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Aug 09, 2004



How do you calculate development costs? Is it just the actual game development team? I suspect most publishers want to pick the biggest number possible to make the game sound big, and scare away competitors.

Game team
Technology + tools
Server hardware (prototype and production)
CSR and server admin personnel (some of these will be required for development)
Web admin


Electronic Arts lost heavily on EA.com during its "paradigm shift" to online games. Gamers were thought to be making an exodus to online games, and EA.com was supposedly to be the ultimate gaming portal for games: persistent world, multiplayer, single player, etc.

I think the grand total charge for everything involving EA.com came to somewhere around $400 million. Sadly, it's not really a gaming site anymore, and a lot of games were killed off along the way - both published and in development - to make up for it.


EA keeps it's sports games running fine but can't hold a steady online MMOG to save it's life (way to go cancelling Earth and Beyond btw). EA gets a rating of about 5% in my book, only because they do manage sports games well.

(-5 mod points for being off topic to me)


Looking at the economics of a hit $25 million is not an unreasonable budget. Back when Lineage was the only product NC Soft had they were making close to $100 million US a year.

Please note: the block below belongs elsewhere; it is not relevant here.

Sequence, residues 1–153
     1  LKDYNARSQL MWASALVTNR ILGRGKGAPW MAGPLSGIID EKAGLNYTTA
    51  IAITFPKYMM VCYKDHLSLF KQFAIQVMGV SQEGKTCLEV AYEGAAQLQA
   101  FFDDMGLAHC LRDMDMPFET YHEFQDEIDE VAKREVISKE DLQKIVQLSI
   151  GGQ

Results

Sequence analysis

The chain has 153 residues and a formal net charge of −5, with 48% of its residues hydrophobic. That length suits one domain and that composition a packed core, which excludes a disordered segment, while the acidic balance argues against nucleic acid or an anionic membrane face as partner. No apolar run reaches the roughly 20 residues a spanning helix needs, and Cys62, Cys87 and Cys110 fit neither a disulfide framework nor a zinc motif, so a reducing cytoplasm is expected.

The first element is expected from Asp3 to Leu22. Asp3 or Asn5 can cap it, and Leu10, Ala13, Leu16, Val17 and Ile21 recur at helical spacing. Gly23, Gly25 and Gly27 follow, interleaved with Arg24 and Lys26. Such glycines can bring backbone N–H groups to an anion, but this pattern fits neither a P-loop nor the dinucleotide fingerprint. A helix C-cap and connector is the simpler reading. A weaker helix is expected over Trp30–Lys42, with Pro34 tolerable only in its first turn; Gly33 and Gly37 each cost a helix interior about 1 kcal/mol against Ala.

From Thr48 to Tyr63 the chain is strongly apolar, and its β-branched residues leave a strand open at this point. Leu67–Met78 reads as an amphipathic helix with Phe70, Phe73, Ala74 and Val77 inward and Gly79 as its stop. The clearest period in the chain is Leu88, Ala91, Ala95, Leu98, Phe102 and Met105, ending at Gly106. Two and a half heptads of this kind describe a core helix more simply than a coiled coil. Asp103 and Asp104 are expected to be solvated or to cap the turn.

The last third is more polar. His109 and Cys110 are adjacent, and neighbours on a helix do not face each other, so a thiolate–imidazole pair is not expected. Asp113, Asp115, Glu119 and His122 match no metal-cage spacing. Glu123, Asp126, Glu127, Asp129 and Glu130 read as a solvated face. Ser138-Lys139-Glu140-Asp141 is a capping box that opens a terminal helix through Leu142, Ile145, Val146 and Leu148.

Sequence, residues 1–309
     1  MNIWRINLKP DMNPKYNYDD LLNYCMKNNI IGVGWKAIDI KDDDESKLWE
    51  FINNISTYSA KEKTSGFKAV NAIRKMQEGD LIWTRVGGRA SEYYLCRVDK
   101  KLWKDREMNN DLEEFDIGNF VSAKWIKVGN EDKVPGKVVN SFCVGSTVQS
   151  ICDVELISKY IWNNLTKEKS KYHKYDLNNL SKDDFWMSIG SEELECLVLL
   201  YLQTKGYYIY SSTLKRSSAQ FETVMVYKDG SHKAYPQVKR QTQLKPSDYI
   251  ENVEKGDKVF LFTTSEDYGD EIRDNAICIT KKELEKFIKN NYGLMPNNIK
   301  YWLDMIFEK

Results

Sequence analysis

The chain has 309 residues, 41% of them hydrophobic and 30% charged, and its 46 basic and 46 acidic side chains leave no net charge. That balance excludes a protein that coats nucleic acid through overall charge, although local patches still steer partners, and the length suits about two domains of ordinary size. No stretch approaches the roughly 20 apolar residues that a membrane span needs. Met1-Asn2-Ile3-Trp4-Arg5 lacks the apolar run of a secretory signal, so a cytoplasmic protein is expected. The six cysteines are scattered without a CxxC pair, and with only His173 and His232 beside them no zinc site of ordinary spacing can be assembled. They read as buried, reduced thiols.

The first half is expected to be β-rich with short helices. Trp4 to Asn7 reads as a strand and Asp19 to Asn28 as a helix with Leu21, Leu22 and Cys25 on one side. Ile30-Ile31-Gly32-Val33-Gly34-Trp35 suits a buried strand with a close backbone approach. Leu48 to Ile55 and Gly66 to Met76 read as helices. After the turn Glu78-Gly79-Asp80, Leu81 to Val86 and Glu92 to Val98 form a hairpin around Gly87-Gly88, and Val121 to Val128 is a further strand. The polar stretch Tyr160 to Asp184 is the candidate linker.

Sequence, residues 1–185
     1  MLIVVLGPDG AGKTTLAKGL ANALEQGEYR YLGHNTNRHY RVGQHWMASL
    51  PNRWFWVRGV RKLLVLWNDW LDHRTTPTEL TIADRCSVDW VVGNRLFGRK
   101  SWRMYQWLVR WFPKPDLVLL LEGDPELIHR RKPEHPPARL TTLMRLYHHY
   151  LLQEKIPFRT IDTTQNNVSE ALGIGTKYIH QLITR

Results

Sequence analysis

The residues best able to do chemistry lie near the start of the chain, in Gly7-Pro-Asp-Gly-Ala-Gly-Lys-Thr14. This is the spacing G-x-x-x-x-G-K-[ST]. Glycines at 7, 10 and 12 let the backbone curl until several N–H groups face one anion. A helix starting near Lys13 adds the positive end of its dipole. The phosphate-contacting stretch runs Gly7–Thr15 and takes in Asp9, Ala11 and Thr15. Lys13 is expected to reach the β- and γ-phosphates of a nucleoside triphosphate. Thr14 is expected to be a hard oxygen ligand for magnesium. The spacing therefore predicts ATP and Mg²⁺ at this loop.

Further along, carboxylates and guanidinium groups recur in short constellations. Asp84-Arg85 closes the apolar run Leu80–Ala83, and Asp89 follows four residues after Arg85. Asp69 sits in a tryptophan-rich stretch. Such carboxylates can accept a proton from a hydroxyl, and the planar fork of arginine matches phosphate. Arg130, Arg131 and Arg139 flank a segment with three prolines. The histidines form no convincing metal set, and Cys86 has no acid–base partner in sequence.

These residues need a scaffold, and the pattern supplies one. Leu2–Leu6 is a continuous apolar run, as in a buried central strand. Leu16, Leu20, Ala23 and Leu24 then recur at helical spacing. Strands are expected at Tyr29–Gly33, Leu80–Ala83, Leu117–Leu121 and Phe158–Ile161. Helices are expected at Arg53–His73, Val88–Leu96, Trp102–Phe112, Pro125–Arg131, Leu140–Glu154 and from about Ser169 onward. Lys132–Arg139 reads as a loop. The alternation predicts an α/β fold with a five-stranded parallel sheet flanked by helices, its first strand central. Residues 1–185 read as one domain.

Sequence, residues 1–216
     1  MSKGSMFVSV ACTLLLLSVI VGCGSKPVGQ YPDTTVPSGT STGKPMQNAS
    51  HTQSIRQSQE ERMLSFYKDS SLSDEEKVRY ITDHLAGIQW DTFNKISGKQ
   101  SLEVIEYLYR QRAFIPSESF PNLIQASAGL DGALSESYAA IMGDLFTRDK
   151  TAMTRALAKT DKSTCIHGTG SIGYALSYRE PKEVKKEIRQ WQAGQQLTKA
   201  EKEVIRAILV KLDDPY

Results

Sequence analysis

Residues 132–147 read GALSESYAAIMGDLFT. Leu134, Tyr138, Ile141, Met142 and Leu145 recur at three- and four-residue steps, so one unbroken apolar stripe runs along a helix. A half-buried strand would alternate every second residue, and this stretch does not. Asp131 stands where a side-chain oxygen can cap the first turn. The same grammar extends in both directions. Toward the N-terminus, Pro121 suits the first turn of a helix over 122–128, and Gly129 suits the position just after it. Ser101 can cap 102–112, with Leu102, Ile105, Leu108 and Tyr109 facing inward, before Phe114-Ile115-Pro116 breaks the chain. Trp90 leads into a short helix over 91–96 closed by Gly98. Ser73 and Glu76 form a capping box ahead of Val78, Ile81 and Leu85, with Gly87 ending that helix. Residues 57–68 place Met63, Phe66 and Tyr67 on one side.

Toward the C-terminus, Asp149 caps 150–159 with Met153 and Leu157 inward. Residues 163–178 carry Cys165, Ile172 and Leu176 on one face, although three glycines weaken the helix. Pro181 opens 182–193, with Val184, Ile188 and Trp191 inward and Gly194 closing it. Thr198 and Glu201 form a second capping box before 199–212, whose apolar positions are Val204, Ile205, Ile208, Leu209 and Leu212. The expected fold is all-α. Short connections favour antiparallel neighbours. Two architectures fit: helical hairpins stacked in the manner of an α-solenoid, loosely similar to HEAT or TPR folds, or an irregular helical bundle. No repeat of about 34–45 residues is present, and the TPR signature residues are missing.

There are a lot of operational costs after the game is launched but the market is growing fast as well. Its clearly possible to make a very nice profit on a $25 million development budget.

On the downside if they don't have a hit they burn a ton of money. That is the nature of business though.


According to the May issue of PC Gamer, EQ2 is a $25 million development. While SWG "only" cost $15 million.

That means such a game needs at least 250,000 customers paying $50 for the box plus another $50 for 3 months subscription, just to get the development costs back. Add all the costs for servers, bandwith, customer support, etc., and it takes them years to just break even. And that in the face of competition which is a lot stiffer than it was 5 years ago when EQ came out.


In Asia there are a number of games that are over the 250,000 subscriber mark. Pricing is different as well, subscription prices in Korea are sometimes higher than in the USA.

Asia has a much stronger market for these games than the USA right now. Look at Final Fantasy they are over 500,000 subscriptions right now, if the game cost $25 million to develop they are still well into the black.

The real problem is that you may not have a hit and if you spend $25 million on failure it hurts.

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